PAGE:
The Euphonium iHorn is made from an vintage Euphonium, whose age and origin are unknown. Regardless, its speaks of the passing of periods of time. It is the first ever iHorn made from a Euphonium. The euphonium is a medium-sized, 3 or 4-valve, often compensating, conical-bore, tenor-voiced brass instrument that derives its name from the Ancient Greek word meaning "well-sounding" or "sweet-voiced’. It’s name is spot on.
The euphonium traces its ancestry to the ophicleide and ultimately back to the serpent. While the serpent was used for over two centuries dating back to the late Renaissance, it was notoriously difficult to control its pitch and tone quality due to its disproportionately small open finger holes. The ophicleide, which was used in bands and orchestras for a few decades in the early to mid-19th century, used a system of keys and was an improvement over the serpent but was still unreliable, especially in the high register.The Euphonium is said to have been invented by Ferdinand Sommer of Weimar in 1843 although this is subject to debate.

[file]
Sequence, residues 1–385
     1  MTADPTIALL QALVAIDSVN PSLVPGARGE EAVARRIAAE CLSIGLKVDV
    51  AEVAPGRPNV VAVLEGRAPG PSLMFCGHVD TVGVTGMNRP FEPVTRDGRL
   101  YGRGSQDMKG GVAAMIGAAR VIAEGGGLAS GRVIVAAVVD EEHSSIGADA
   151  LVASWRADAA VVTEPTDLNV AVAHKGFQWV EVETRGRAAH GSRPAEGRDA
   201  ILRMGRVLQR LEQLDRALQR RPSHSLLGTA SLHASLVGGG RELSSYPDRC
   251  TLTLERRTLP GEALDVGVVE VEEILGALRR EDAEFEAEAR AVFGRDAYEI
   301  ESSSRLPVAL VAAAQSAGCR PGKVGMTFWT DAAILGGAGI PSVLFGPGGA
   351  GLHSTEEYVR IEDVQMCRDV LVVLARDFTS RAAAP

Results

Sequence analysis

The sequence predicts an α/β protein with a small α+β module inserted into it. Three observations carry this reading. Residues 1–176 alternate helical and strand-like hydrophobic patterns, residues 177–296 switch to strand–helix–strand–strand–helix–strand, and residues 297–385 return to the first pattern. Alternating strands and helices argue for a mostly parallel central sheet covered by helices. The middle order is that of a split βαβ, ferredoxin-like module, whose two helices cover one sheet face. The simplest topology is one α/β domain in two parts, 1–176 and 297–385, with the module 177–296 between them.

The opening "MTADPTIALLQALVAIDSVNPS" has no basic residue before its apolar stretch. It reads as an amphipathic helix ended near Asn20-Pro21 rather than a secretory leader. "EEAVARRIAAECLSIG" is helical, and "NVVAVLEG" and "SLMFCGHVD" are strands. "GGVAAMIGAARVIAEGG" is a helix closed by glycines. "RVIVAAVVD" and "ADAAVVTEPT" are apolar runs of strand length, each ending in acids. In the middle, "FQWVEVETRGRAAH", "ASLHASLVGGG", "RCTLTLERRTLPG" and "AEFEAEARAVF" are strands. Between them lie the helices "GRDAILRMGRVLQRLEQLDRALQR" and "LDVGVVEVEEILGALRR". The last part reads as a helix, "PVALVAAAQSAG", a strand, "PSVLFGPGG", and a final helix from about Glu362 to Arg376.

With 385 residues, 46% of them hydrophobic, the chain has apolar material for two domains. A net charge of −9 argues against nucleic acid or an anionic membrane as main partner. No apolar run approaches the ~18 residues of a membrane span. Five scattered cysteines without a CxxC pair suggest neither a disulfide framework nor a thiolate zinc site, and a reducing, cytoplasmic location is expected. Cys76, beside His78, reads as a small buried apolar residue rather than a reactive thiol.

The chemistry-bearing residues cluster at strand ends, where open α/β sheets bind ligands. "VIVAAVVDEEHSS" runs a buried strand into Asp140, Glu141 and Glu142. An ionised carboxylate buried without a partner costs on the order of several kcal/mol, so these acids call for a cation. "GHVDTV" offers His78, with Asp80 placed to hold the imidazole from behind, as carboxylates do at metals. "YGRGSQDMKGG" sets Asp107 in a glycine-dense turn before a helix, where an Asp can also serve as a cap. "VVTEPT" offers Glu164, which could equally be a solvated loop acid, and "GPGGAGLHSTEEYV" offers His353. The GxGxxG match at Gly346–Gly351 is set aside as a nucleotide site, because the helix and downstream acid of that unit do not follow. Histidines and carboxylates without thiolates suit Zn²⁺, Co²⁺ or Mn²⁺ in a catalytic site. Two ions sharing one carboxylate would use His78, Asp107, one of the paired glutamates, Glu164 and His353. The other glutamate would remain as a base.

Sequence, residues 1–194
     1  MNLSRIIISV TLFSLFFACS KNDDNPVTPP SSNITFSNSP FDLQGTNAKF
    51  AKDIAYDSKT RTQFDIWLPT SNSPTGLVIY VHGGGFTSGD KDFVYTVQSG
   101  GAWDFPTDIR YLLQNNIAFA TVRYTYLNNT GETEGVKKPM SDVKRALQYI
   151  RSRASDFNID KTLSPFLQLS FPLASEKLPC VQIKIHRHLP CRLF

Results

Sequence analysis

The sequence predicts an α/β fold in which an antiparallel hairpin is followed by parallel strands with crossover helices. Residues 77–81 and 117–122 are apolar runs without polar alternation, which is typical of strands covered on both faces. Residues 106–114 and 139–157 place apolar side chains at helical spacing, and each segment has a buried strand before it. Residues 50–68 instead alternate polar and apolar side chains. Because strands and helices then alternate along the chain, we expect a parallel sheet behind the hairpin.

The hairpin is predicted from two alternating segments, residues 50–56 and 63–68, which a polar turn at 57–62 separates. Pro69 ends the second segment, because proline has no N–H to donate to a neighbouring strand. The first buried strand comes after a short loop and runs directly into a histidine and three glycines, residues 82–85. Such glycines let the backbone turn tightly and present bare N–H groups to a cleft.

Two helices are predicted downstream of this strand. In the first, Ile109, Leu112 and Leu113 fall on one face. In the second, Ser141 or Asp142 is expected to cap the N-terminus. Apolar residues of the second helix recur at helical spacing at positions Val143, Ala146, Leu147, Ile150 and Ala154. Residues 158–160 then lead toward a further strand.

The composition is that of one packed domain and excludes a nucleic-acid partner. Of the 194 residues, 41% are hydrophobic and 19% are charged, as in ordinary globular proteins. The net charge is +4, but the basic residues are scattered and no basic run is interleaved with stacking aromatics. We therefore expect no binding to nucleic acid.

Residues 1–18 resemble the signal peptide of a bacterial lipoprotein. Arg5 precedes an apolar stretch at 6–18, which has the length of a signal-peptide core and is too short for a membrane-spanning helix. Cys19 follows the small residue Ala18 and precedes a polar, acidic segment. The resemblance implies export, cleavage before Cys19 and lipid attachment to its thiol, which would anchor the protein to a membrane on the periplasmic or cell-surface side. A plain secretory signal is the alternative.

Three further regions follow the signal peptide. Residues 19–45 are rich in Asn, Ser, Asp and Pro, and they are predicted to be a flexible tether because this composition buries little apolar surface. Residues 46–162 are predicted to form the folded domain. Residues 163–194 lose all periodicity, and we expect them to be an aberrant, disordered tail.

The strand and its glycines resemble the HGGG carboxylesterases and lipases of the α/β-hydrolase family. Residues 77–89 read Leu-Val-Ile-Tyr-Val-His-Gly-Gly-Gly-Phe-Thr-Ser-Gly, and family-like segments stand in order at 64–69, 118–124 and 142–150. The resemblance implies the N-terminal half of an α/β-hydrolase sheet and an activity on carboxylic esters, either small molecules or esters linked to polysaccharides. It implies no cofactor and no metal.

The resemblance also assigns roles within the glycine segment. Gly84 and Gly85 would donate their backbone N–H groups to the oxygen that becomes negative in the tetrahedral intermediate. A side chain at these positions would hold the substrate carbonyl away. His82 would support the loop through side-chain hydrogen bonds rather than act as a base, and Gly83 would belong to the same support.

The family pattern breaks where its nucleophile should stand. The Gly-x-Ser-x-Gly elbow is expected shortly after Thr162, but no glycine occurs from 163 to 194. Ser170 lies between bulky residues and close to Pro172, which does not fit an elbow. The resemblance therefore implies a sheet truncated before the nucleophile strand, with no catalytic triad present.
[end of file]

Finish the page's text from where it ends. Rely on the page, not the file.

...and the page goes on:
The Euphonium’s tenor voice balances the highs and lows which mark both music and life. It is in fact, sweet voiced.